September 2011
Volume 11, Issue 11
Free
Vision Sciences Society Annual Meeting Abstract  |   September 2011
Effects of auditory information on the rubber hand illusion
Author Affiliations
  • Masakazu Ide
    Rikkyo University, Saitama, Japan
  • Yoshihisa Osada
    Rikkyo University, Saitama, Japan
Journal of Vision September 2011, Vol.11, 804. doi:10.1167/11.11.804
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      Masakazu Ide, Yoshihisa Osada; Effects of auditory information on the rubber hand illusion. Journal of Vision 2011;11(11):804. doi: 10.1167/11.11.804.

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Abstract

Purpose: Research on the rubber hand illusion has ever emphasized the role of visual information in locating a tactile sensation on the rubber hand. However, auditory information also serves to locate the tactile sensation along with visual information. Even without visual information, the tactile sensation is produced by a tactile stimulus presented together with auditory stimulus (Hotting and Roder, 2004). We investigated the effect of auditory stimulus on the rubber hand illusion and tactile intensity.

Method: Participants were shown a mirrored image of a left rubber hand but not allowed to see their own left hand directly. Tactile stimuli were given to the participant's own hand and the rubber hand with bars ever 2000 ms under three complex sound conditions (SS (Simultaneous Sound) condition, DS (Delayed Sound) condition, NS (No Sound) condtion). The participants were asked to evaluate perceived ownership of the rubber hand and perceived intensity of the tactile sensation in their own hand.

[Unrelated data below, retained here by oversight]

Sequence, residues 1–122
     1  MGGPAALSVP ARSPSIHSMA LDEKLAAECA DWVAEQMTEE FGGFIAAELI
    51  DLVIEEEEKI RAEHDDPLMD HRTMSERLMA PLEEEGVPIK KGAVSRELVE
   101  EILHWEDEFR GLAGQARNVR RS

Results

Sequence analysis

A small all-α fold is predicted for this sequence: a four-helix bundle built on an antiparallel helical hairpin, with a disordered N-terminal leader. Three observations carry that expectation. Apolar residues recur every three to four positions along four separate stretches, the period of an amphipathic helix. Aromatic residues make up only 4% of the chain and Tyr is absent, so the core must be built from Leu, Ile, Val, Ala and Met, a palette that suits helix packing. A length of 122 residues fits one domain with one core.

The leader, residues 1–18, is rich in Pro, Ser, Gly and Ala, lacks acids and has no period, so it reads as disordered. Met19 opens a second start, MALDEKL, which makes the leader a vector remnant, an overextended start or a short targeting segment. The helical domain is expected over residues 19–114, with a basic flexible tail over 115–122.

Result: Perceived ownership of the rubber hand differed with each sound condition. In SS condition, the participants perceived significantly higher ownership of the rubber hand than in DS or NS condition (SS > DS; p < .01, SS > NS; p < .05). Perceived intensity of tactile sensations also differed with each complex sound condition. In SS condition the participants perceived significantly higher intensity of tactile sensations (SS > DS; p < .01, SS > NS; p < .01). These results imply that only when presented simultaneously with a tactile stimulus, the auditory stimulus enhances the perceived ownership of the rubber hand and the tactile intensity, and hence also influences the rubber hand illusion.

This work was supported by Rikkyo University Special Fund for Research. 
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